WWP is not proposing that caregiver-fiduciaries have no accountability for management of the beneficiary’s funds. But we do see a need to make provision in law formore balanced accountability and far less intrusive oversight under circumstances where caregiver-fiduciaries have demonstrated that they do not pose significant risk and have earned VA’s trust. Dedicated caregiving, as evidenced through unblemished participation in VA’s comprehensive caregiver assistance program, should be recognized as establishing that trust.
WWP has seen all too clearly that VBA’s intensely detailed reporting requirements can be overwhelming to an already emotionally drained family member who is shouldering a young veteran’s total-care needs. As one mother described it, “we are probed yearly by a forensic accounting that seemingly investigates for ‘murderous’ infractions,” even requiring fiduciaries to “line-item Walmart receipts.”
We greatly appreciate the Committee’s work in getting VA to remove language from its fiduciary form 21-4703 that had stated, “VA must approve any use of a beneficiary’s VA funds,” and we very much welcome the inclusion of language in H.R. 5948 to make it clear that a fiduciary has the ability to spend money in the veteran’s best interest. It bears noting, however, that VBA’s April 19, 2012 instructions to the field that VA-appointed fiduciaries do not need to seek prior VA approval for any single expenditure made on behalf of a beneficiary from the beneficiary's funds, nevertheless advises that examiners “must carefully review expenditures in excess of $1,000 when auditing a fiduciary's annual accounting and may request receipts or other documentation to verify questionable expenditures.”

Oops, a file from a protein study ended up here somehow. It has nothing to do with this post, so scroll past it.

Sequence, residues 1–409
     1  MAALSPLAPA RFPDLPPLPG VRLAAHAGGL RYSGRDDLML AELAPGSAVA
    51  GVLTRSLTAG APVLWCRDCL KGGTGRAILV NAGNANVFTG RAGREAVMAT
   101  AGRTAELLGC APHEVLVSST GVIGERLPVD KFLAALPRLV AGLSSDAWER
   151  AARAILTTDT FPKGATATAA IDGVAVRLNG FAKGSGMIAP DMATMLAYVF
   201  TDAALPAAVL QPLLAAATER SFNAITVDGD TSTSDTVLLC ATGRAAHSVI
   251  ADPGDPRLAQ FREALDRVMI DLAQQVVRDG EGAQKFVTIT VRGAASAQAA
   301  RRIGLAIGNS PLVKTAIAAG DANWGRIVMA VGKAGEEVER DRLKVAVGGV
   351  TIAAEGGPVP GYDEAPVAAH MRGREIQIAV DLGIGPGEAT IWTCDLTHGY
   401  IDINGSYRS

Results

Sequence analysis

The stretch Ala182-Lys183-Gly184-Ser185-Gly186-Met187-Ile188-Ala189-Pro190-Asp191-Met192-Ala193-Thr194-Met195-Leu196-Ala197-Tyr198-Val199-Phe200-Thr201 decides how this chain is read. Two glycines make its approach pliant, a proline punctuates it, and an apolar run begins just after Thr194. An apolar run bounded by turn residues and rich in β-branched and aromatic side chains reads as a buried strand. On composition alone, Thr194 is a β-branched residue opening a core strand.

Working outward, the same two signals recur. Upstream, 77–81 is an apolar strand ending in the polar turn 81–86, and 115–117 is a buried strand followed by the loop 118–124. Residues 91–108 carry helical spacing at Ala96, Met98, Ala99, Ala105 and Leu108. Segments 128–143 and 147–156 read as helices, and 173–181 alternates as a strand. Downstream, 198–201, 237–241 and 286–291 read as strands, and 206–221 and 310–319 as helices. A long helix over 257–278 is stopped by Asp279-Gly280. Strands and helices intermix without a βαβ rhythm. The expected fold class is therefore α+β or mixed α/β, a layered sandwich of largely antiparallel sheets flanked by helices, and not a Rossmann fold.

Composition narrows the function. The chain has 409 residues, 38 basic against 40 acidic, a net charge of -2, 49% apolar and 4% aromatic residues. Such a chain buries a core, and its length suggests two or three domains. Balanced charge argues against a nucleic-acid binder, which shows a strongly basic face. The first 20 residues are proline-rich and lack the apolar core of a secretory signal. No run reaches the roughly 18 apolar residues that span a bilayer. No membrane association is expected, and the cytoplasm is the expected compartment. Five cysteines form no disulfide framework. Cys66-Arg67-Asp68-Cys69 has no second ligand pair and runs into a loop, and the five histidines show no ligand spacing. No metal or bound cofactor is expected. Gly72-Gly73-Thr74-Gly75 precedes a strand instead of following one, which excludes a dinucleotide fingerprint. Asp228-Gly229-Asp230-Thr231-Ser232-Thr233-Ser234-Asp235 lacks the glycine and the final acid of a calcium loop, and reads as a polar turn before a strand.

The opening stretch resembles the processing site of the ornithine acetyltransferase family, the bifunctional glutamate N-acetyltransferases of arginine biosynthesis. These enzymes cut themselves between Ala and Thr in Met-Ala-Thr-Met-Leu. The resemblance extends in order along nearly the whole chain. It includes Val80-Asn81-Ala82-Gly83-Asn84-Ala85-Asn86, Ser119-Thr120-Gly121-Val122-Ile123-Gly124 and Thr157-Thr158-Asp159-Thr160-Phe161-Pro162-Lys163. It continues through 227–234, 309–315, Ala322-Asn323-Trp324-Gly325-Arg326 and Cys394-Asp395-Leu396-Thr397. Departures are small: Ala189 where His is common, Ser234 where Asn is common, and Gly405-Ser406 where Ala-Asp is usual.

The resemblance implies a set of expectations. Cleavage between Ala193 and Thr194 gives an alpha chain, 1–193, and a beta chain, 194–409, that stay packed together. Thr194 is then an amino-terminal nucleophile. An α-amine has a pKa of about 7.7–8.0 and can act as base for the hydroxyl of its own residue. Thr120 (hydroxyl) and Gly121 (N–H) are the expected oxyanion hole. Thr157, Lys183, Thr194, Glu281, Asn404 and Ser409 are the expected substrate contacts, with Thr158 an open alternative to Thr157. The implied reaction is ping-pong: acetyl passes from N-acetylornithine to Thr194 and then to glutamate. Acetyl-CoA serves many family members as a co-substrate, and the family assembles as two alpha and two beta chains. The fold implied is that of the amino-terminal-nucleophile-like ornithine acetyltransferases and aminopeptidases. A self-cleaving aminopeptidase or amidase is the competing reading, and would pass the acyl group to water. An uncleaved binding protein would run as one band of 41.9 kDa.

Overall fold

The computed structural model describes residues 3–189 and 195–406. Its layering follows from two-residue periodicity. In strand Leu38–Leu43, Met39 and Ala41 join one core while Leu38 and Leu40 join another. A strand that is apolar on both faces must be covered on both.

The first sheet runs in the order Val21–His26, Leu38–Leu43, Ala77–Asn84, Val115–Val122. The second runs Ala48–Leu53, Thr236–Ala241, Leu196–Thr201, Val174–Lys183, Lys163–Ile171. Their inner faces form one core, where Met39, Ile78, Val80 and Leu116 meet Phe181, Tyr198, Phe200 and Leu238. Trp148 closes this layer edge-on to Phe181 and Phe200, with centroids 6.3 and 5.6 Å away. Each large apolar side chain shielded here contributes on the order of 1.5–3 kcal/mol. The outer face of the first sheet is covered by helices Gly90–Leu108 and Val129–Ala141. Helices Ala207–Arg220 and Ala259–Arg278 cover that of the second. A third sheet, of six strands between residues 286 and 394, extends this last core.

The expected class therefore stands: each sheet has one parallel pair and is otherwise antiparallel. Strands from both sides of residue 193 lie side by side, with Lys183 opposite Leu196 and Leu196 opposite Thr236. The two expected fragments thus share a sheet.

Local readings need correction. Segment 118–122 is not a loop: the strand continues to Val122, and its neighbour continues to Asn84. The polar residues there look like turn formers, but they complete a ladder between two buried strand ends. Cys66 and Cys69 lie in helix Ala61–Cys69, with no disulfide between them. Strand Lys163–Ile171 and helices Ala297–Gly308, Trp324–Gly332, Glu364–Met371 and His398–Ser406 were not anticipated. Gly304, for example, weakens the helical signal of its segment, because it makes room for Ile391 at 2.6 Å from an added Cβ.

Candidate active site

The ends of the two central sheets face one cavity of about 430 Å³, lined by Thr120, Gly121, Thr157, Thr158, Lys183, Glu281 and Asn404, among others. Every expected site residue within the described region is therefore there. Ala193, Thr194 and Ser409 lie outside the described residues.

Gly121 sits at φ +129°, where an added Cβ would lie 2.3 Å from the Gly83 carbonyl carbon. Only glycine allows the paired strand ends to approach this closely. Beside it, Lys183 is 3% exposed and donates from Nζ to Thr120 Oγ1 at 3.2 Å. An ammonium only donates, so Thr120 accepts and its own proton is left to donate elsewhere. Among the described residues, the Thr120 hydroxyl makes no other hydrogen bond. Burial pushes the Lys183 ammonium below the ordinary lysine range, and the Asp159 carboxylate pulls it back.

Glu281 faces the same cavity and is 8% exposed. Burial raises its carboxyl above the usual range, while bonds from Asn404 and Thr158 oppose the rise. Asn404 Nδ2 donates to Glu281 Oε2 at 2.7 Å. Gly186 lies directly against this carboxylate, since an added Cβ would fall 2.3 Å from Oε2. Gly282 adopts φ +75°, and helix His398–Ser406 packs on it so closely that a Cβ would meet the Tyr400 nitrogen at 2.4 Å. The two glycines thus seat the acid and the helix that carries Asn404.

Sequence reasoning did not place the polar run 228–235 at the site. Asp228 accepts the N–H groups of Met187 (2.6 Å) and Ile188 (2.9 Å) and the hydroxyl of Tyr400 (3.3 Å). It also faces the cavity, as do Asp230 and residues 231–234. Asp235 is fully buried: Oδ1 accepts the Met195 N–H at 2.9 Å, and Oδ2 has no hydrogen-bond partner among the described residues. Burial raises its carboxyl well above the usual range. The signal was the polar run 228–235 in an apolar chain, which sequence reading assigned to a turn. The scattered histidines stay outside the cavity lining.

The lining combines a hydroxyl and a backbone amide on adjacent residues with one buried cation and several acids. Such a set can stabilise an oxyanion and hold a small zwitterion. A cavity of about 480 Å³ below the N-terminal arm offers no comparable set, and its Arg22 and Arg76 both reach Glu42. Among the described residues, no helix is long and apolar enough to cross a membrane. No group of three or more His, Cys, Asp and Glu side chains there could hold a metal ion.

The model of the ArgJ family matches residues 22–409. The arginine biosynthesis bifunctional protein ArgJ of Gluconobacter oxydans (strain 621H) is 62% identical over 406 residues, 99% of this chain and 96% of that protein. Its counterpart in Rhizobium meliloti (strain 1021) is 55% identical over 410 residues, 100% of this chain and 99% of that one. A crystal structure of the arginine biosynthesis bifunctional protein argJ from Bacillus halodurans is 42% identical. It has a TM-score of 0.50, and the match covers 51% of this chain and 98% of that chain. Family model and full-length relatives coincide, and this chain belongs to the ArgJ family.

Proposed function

While we applaud the wisdom of eliminating required pre-approval of significant expenditures, we see nothing in H.R. 5948 that would eliminate the inquisitorial audits caregivers too often experience. Consider the following examples:
- A mother/caregiver having to explain to a VBA examiner why she allowed her wounded-warrior son to spend “too much” money on Christmas gifts;
- An auditor insisting that the caregiver’s electric bill was too high and asserting that during the summer in Florida she shouldn’t run the air-conditioning at night;
- A family’s being questioned about expenditures for gasoline used in transporting the wounded veteran; and
- A VBA examiner questioning the caregiver as to why she was buying movies and music for her son given that he has a brain injury.
As summed up by one caregiver-fiduciary, VBA fiduciary program staff “don’t really help with management [of assets] but audit every two years every penny I spend for my son’s care. [There are] not many guidelines and auditors question expenses when they know nothing about the care needed.”
We do not foresee in H.R. 5948 any real reversal in the “guilty until proven innocent” framework many caregiver-fiduciaries experience under VBA’s fiduciary-management practices. While this approach may be prudent regarding unknown potential “bad actors,” we think it goes too far in dealing with proven caregiver-fiduciaries.